Yoga is not the magic wonder drug, and I’m not yoga’s agent. I’m for everyone discovering ways to connect with themselves, and find the space to create their own best lives. I see plenty of people who walk into Strala and grit their teeth through the entire class, as if it’s one more task to get through. It’s so unnecessary. You can do hard things easily. It’s actually possible and everyone can do it. Life doesn’t have to be tense. Yoga doesn’t have to be tense. When you move with ease, whether you’re attempting a handstand, running 10 miles, negotiating a business deal, or talking with a friend, your brain has space to flow in creativity and intuition. Sounds like meditation? When you exist in ease, every moment in your life becomes meditative and space has a chance to enter. You have room to breathe, room to release tension, room to create yourself healthy and happy. When you’re in this space you begin to expand and see beyond each moment. You become yourself. You’re able to make good decisions, be in the zone, and allow room for synchronicity. Your life heads in the right direction when you give it space. When you squash it with tension, well, it gets squashed.

So what happens when things aren’t so healthy? When you move through the activities of your life tense, the brain has no space. You end up moving without understanding, seeing or feeling you. You find your way into tension-related activities, like over-eating, drinking alcohol, or yelling at a cab driver. It’s much nicer to feel expansive and connected to yourself. When you’re feeling this way, you are back to your natural state, happy and free. Sounds nice right? You can do it! We all can live in happiness and feeling good. It’s a practice of cultivating ease.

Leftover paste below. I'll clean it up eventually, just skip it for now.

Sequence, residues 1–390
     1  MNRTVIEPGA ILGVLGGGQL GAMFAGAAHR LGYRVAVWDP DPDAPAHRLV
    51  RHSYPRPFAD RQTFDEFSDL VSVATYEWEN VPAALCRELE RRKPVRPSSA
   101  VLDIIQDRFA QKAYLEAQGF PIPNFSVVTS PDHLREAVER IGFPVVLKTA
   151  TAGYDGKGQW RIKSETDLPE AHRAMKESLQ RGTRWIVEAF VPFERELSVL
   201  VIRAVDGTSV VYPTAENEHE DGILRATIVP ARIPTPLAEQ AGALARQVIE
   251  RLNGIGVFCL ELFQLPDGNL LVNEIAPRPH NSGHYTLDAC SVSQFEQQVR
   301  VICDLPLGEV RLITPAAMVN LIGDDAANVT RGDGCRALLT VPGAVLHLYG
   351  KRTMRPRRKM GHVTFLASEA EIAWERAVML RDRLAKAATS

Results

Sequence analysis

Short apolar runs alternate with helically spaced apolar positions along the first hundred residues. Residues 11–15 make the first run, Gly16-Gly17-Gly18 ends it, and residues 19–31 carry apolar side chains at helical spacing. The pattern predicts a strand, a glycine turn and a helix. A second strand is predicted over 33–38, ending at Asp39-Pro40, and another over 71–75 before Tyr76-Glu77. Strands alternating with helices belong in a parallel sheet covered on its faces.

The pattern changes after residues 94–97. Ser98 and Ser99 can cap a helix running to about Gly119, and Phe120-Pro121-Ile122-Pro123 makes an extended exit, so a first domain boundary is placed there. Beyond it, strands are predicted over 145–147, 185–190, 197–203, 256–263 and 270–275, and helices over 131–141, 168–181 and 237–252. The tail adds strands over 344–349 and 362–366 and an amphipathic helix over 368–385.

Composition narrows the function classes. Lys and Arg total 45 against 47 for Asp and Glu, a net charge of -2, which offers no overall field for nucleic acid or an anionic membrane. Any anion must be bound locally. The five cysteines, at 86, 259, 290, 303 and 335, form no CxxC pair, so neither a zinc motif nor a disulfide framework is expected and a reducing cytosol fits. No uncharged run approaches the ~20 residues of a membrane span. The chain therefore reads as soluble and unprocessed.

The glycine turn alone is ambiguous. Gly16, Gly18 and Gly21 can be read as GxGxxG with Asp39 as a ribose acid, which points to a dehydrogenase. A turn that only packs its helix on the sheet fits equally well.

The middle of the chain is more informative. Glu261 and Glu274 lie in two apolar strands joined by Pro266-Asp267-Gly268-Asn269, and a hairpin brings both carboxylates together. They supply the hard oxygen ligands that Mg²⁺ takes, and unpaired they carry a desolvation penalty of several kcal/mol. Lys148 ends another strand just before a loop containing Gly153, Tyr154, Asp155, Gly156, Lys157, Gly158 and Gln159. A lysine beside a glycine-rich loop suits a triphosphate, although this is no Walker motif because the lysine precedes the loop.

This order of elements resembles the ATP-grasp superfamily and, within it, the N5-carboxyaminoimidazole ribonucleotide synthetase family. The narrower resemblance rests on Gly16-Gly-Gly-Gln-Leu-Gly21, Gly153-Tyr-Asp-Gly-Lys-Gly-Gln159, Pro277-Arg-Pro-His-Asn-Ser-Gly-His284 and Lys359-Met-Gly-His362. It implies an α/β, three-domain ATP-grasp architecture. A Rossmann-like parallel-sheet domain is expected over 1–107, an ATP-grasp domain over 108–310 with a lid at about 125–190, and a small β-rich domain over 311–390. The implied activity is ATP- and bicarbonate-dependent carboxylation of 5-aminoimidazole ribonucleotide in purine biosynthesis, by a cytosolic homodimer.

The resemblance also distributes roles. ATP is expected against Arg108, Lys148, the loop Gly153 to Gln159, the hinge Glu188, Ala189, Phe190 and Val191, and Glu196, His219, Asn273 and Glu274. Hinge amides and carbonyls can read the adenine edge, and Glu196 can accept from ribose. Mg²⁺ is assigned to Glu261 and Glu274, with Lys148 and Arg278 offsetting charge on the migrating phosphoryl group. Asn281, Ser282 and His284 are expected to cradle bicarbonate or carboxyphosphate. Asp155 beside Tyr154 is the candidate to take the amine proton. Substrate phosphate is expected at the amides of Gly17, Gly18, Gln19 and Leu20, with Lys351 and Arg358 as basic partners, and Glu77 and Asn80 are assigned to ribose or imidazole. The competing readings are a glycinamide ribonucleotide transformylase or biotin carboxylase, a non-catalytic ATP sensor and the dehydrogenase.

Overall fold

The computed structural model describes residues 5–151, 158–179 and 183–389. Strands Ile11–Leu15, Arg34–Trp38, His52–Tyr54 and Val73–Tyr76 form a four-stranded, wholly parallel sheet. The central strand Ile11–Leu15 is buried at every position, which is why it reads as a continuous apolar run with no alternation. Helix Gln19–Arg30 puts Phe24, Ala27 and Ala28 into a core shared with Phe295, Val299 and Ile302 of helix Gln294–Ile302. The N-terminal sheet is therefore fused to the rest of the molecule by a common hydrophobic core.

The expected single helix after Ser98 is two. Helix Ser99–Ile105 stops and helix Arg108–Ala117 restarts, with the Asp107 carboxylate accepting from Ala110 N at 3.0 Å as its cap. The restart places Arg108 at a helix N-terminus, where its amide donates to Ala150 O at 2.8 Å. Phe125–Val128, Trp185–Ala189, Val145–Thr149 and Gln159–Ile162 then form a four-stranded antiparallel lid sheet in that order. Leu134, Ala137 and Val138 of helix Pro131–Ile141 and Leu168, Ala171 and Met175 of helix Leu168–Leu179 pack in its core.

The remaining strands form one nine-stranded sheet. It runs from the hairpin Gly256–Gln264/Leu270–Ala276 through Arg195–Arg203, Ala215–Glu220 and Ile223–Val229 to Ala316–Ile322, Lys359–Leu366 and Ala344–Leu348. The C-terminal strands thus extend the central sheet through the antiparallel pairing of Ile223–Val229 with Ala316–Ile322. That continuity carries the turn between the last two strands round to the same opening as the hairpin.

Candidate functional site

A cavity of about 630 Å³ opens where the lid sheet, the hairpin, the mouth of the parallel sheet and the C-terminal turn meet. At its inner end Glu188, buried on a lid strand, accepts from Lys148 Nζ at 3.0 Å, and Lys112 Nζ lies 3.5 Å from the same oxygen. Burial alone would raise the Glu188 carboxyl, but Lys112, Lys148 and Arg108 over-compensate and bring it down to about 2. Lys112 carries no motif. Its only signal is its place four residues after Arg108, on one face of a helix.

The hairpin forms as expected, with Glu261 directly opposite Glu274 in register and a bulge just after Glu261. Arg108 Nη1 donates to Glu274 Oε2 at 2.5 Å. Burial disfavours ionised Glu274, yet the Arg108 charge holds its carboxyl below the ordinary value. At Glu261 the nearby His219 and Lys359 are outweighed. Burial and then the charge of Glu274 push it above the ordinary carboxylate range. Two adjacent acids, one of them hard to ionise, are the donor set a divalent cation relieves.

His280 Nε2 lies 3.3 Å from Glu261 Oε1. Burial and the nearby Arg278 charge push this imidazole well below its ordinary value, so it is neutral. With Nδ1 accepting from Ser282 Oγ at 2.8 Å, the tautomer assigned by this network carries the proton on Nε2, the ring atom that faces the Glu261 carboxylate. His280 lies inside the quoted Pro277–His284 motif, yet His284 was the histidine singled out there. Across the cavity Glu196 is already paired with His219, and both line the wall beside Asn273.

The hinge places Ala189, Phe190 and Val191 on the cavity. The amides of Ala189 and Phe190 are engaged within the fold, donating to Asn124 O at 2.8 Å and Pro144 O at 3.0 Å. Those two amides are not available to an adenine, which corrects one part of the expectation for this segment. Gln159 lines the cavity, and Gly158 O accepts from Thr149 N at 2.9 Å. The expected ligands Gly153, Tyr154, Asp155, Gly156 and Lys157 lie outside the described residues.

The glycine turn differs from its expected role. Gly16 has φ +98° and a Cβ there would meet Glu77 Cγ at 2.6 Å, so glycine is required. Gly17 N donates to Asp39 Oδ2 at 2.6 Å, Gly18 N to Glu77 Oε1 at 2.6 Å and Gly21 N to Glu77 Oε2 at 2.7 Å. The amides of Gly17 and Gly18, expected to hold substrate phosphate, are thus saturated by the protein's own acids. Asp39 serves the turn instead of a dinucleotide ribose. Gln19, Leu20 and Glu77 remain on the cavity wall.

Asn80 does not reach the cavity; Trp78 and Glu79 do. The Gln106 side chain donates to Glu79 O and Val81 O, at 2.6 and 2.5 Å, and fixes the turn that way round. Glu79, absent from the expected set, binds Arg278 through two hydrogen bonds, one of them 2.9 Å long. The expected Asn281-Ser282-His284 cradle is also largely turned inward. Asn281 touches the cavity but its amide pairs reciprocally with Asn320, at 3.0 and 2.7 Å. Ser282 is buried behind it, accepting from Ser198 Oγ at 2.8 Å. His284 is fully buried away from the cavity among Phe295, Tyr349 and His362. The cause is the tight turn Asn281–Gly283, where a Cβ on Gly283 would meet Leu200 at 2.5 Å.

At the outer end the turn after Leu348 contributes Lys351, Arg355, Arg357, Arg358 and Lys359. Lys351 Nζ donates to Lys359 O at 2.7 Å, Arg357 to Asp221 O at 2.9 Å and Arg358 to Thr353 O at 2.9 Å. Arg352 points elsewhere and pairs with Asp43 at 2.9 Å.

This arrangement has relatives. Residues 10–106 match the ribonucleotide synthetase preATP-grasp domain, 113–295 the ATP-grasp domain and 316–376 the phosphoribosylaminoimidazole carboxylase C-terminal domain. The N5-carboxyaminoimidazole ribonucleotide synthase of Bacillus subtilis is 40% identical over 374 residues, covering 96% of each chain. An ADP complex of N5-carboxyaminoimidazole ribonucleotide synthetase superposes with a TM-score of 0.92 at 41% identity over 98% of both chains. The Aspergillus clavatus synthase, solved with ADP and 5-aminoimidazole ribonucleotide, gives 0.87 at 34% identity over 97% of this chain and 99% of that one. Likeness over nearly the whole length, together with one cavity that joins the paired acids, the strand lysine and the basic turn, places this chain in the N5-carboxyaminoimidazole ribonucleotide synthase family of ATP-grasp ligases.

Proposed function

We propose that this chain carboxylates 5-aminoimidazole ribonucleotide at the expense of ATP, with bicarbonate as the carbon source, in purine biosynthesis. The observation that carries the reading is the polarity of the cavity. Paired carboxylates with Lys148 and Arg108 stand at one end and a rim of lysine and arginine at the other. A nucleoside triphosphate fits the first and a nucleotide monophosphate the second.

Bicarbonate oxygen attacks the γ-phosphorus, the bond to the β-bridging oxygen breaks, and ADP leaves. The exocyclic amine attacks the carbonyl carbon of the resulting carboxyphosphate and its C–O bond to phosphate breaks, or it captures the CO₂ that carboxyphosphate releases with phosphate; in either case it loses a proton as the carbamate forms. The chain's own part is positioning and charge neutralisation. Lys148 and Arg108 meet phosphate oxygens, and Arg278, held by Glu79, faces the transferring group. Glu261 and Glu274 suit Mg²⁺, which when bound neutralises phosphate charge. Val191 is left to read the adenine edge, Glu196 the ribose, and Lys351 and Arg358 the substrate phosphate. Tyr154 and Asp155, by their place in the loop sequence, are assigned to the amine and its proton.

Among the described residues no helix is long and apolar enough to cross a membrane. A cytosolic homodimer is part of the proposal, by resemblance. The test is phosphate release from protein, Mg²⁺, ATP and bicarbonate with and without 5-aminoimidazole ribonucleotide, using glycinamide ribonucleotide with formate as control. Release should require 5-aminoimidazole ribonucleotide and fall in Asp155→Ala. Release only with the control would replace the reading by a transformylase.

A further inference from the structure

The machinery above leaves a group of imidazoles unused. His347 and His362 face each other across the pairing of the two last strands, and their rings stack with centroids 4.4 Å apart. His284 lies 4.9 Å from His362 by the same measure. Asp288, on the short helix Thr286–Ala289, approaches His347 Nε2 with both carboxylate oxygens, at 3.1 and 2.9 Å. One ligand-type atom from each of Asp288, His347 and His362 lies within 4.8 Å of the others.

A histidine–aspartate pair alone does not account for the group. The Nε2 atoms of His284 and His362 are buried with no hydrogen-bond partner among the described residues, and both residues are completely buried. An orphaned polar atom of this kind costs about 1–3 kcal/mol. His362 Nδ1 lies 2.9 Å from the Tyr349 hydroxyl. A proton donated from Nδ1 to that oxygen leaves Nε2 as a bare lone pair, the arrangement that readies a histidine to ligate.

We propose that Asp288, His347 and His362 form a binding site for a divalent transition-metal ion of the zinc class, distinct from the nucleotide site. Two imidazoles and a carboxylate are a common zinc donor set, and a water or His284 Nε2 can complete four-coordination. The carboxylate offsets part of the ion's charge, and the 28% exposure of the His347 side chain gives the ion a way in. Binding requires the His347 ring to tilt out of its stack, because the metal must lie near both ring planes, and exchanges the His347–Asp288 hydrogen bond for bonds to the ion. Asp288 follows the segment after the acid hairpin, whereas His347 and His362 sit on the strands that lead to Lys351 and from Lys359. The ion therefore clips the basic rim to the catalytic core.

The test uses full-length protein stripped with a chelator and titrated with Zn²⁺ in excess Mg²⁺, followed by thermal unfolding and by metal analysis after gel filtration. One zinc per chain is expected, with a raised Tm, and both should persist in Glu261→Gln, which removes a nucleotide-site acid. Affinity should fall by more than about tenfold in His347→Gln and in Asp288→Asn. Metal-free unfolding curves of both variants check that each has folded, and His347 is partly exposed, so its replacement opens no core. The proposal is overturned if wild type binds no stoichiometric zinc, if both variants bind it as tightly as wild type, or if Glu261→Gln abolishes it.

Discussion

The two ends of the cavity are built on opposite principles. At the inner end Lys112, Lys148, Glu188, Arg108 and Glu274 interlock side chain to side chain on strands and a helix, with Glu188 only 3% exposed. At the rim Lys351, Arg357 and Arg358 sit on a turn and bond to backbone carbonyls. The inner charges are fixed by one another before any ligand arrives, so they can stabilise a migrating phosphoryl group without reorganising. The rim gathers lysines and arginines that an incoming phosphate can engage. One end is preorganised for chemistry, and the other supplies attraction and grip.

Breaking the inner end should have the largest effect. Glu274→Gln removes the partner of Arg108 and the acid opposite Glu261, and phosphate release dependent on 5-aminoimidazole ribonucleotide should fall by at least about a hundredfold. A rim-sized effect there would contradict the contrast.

You can practice tense or you can practice with ease. Practice ease during challenging and simple movements alike. If you practice tense, say jumping into handstands and forcing yourself into poses that your body isn’t able to do easily (ease comes with practice!), you will wind up more tense than when you started. This leads to tense eating habits, most likely reward and over-eating habits. Of course it’s a practice. Getting to easy is a practice and probably isn’t always perfect. With yoga, and any other activity in life, we have the opportunity to observe without judgment, and then do something about it.

Of course physical activity is good for you. It can be fantastic for your mood, energy, range of motion, shape and tone of your body, breathing capabilities and more. Keep exercising! Just understand that – despite a large volume of persistent outdated information – exercise on its own has very little to do with weight loss. How you live has to do with weight loss. How you handle stress, how you practice calm connection to yourself, has to do with the life and health you’re able to create.

You are what you eat. Now we come down to what you are actually putting in your body. Food rules. Food is fuel, it shapes our body, it determines our health, our energy levels, and our liveliness. If your exercise isn’t helping you dial your eating habits to fresh, simple, natural, whole, inspired, colorful foods, lots of water, not so much on the booze, and easy on the caffeine, you might want to take a second look at how you feel about your exercise routine. Are you doing ____ (insert yoga, spinning, running, dancing, etc) to burn calories, or are you doing it to feel great in your body, improve your mood, and feel vibrant? Are you doing it to correct a bunch of mis-steps, or because you love it? When you find a routine that makes you feel vibrant, and offers up a stream of new challenges to explore and enjoy, simmer in that. It will have a very positive impact on your overall health, and your waist line.